The city was also challenged in August when the San Diego-based Association of Cannabis Professionals (ACP) informed the city of its intent to circulate a petition that, if it received enough signatures, would place a ballot measure for a local election to have residents decide if cultivation and storefronts should be allowed in Encinitas.

However, in a letter sent to the city clerk’s office by Dallin Young, executive director of the ACP, the day before the council vote, the group rescinded its petition and intent for a ballot measure.

Young, at Wednesday’s meeting, urged the council to not ban marijuana because, he said, illegal operators would continue regardless. He also said the group originally submitted the petition to pressure the council to make a decision before a January deadline, not to encourage a public vote. They decided to pull the initiative after hearing “discourse” from the public in past meetings, Young said.

“It has become very clear that people like to kick the can down the road when it comes to regulations,” he said. “It is unfortunate some people would listen to a rather loud minority that prefer a status quo. ... If you pass a ban, the status quo is the black market.”

He pushed for regulations so the products are tested and fewer teens have access to cannabis.

At past city council and AUMA subcommittee meetings, proponents and opponents have spent hours sharing ideas about how marijuana should be handled in Encinitas.

The approximately 300 attendees that overflowed the council chambers at Wednesday’s council meeting, which followed an anti-drug Red Ribbon Week presentation, showed support on both sides wearing shirts reading “Support Encinitas farmers” and carrying anti-marijuana signs. About 100 speakers voiced their opinions.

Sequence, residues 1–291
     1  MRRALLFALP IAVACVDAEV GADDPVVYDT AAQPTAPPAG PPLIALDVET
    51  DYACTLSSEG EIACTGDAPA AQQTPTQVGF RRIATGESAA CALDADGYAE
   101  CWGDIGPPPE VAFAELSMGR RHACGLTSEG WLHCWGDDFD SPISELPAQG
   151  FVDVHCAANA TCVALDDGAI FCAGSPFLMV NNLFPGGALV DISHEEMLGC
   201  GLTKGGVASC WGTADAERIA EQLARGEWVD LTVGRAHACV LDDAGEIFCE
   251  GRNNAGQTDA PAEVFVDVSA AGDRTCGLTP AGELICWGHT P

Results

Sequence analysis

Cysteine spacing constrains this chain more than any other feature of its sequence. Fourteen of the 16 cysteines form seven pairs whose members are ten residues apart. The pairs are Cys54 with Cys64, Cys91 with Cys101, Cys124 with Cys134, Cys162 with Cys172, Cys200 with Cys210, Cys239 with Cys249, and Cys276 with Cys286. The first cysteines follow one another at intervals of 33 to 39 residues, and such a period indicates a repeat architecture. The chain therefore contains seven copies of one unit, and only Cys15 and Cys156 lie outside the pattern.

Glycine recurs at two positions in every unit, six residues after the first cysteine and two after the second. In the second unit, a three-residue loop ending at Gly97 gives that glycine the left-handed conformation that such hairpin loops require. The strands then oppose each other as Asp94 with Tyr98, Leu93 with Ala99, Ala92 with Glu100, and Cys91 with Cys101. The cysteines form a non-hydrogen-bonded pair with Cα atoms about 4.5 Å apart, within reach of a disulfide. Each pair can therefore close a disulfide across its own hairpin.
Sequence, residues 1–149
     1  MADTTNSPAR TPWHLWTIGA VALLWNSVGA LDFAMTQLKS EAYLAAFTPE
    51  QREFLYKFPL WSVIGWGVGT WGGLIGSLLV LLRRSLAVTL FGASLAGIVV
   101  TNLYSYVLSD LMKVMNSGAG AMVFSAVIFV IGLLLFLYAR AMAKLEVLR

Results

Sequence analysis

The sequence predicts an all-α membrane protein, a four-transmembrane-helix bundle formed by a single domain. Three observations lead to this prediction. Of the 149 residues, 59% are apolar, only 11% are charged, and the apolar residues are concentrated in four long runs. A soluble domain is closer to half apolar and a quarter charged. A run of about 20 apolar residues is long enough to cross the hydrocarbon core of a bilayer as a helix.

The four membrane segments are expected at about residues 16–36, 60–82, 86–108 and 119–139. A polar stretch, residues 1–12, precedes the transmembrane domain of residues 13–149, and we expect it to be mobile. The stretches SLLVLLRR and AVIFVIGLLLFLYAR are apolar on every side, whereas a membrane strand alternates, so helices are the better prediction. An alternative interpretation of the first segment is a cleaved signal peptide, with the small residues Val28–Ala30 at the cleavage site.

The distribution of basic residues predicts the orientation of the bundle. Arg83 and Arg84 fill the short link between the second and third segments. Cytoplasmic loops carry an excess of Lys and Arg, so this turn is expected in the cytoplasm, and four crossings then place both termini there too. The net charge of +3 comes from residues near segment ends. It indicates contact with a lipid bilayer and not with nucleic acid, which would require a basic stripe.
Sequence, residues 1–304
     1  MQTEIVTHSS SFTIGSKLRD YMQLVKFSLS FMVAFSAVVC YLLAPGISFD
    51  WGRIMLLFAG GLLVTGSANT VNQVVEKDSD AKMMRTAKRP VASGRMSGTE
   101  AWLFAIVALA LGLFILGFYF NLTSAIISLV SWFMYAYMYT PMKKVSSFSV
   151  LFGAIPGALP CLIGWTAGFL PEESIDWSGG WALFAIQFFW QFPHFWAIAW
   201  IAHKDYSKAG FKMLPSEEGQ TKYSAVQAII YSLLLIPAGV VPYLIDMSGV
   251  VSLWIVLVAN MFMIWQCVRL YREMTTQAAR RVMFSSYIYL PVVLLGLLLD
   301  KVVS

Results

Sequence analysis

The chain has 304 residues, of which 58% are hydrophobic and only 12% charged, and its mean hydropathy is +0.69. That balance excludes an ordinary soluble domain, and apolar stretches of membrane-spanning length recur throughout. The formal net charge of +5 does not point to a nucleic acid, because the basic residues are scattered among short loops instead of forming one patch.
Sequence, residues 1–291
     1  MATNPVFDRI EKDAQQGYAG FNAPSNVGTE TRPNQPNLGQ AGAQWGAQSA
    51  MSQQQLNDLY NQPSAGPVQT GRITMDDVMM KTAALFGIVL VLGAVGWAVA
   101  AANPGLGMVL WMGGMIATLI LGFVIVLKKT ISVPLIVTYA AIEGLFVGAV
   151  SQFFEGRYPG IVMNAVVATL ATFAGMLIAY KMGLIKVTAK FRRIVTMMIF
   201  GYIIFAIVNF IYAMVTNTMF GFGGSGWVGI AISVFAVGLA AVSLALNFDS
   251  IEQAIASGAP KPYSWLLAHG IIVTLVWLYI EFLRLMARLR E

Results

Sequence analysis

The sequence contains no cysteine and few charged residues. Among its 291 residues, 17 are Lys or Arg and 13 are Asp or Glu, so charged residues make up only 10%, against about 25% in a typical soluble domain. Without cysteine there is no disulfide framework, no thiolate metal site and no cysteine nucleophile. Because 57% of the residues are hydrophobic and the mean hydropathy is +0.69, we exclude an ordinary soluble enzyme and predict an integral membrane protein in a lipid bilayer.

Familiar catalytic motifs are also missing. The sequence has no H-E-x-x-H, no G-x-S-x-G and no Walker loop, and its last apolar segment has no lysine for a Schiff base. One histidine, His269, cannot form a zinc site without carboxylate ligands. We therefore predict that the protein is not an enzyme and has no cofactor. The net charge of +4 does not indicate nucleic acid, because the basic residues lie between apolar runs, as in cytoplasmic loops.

Bob Echter, of Dramm & Echter Inc. in Encinitas, has pushed for Encinitas to allow farmers like him to cultivate the plant on their properties to keep their businesses booming and their employees working.

Echter said he would like to grow on a small portion of his 800,000-square-foot agricultural property to offset threats to the farming industry, like the rise of minimum wage and the scarcity of water.

Local children’s author Michael Mahin contested most of the opponents were working off “false information” in regards to their concerns for youth.

“There is not a single study that links cultivation to increased usage among teens,” he said. “It is the council’s job to be smarter than us and rise above the emotional and subjective arguments and realize the facts.”

Opponents have urged the council to not allow marijuana in the city to prevent access for children, crime and more DUIs.

Resident Doug Jones urged the council to not vote on marijuana now, as the city has other pressing issues to handle, such as moving to district elections and developing a state-certified housing element.

He questioned how the council could draft a decent marijuana ordinance while also juggling the other issues.

Another resident, Hugh Christianson, said cannabis should not be allowed to grow in the city due to its “stench” and potential to decrease nearby property values.

“Marijuana stinks,” he said. “Stinking marijuana will more likely than not lead to the erosion of property values in Encinitas. Let the urban farmers pick up their skills and move to rural locations, not next to the golf course, not near my home.”